Greetings from Kansas City, friends!
Another week out of the office prompted by spring travel season, college fairs, and high school visits. I swear, I was born with imaginary wings because if I stay cooped up in my office for too long I immediately get the urge to pack up and go. Travel season, for me, is the great release after being confined to my office for 6+ months during application review season.
But traveling quite often has its downfalls, especially when you’re routine flies out the window and oh yeah, you’re also battling mental health issues. For the most part, traveling for my job is pretty isolating and while I relish in my solitude and loner characteristics, I can feel pretty homesick for the comforts of a set schedule. A lot of downtime in between visits and fairs and meeting families for coffee can give my mind the chance to wander…and that’s NEVER a good idea when you’ve already got a hyperactive imagination.
A while ago, I wrote a piece on staying sane while on the road. I went back and realized much of the post needed to be revamped, badly. Haha! For starters, I have been in therapy a lot longer now and use different coping strategies to pull me out of my funk. I’m also devoted to my yoga practice which has shed light on the power of focusing on my breath instead of popping anti-anxiety pills. So if you’re a road warrior like me and travel often – whether for business or pleasure – here are some tips for those who experience the pangs of homesickness.
1. It’s not really homesickness. It’s more or less the lack of structure/routine that has you bent out of shape. Home can quite easily be wherever you set up camp. All you need a few elements to make your space feel like you’re only 7 minutes away from your real house as opposed to a plane ride away. When I’m on the road now, I bring my yoga mat in my suitcase. Lululemon’s version of The Mat 3mm had me at “I travel well in suitcases.” BINGO. SOLD. HERE’S MY FIRSTBORN AND I DON’T NEED A BAG, THANK YOU. It was the best $58 I ever spent. And because the cities I travel to don’t have CorePower studio locations, I do my research ahead of time by mapping out local yoga studios, prices, their proximity to where I’m staying, etc. Ohm is easy to find if you know where to look. I also use my per diem on groceries – healthy little snacks I can munch on instead of driving through a fast food restaurant for every meal. And I don’t skip workouts. My workout regime has focused mostly on yoga for the last 2 months but I’m slowly getting back into running. Whether it’s running outside on a trail or on a treadmill in the hotel gym, get your happy on! 🙂 I also love to read and drink coffee, so I am all about doing both at local coffee shops. I do it when I’m at home so it’s only natural for me to do it when I’m away. Whatever you do in your hometown, recreate it in another city! The truth is we don’t necessarily miss the actual bricks and mortar but rather the familiarity and comfort of knowing where everything is back home. Explore, find some spots that feel a bit like your neighborhood, and maybe you’ll find a second home in a city you’ve never been to before!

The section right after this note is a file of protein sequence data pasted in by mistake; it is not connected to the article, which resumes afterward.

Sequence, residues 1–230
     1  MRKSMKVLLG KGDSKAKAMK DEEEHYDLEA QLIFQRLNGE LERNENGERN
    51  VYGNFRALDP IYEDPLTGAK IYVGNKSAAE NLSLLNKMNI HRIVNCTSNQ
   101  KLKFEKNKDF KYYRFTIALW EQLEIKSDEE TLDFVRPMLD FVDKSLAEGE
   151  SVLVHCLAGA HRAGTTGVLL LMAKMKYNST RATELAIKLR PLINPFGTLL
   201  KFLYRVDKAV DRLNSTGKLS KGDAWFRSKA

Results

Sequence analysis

2. Embrace friendly folks and conversation. I just did this with a barista at one of my favorite coffee places in Kansas City. She had a rad haircut and I told her so! We chatted a bit about style and Chicago and some fun restaurants in Kansas City and that was that! I mean, we aren’t besties now but it was sure nice to talk to someone. Anxiety and depression can sometimes make us feel like retreating. It makes us cut off communication from even our closest friends and family. But I secretly am looking for just a friendly “hello” or warm smile when I go to my dark place. We happen to dance a fine line between wanting total alone time to “someone please talk to me.” It has helped tremendously if I force myself to be personable when I don’t even want to get out of bed. Make an effort even if you stay hidden behind your laptop at a cafe. Be among others who may or may not acknowledge you by first name but you won’t feel alone.
3. And finally, breathe. Gosh darn it, if you take away anything let it be this. Just freakin’ breathe. I can tell when panic is creeping up inside me. It starts as a dull rumble in my stomach and works its way up to chest, throat, and head and down my arms into my clammy hands. At this point, it’s an automatic response now for me to close my eyes and simply inhale deeply through my nose and exhale audibly through my mouth. Some call this Lion’s Breath in yoga. Its purpose is to relieve nerves, excess heat, and calm your heart rate. And trust me – it works. There is a tiny voice in all of us that starts speaking negatively, telling you you can’t do something. That voice is a liar. Once you focus on your breath, that voice disappears, growing softer and softer with each exhalation. Just taking 5 minutes to meditate on your hotel bed or in your rental car can bring reassurance that you are, in fact, more powerful than this voice. Control the breath and you learn to control your mind.
I was inspired to write this after my first leg of my travel left me feeling weirdly unsettled. I felt an urge to jump out of my skin, to book a flight home and I started to write down all the things I missed about home. I realized it wasn’t so much the physical home I wanted to run back to but more the places and thing that make up my home life.
So I’m sitting here in Kansas City now, blogging about what I wrote in my journal with an iced Fresh Mint Latte from Kaldi’s Coffee next to my laptop and a cat on my lap. It is good to get away for a while but it will be good to head back to the Windy City and return to my familiar yoga studios and the cozy feeling of my own bed – something we all look forward to at the end of a journey.
Namaste, my friends.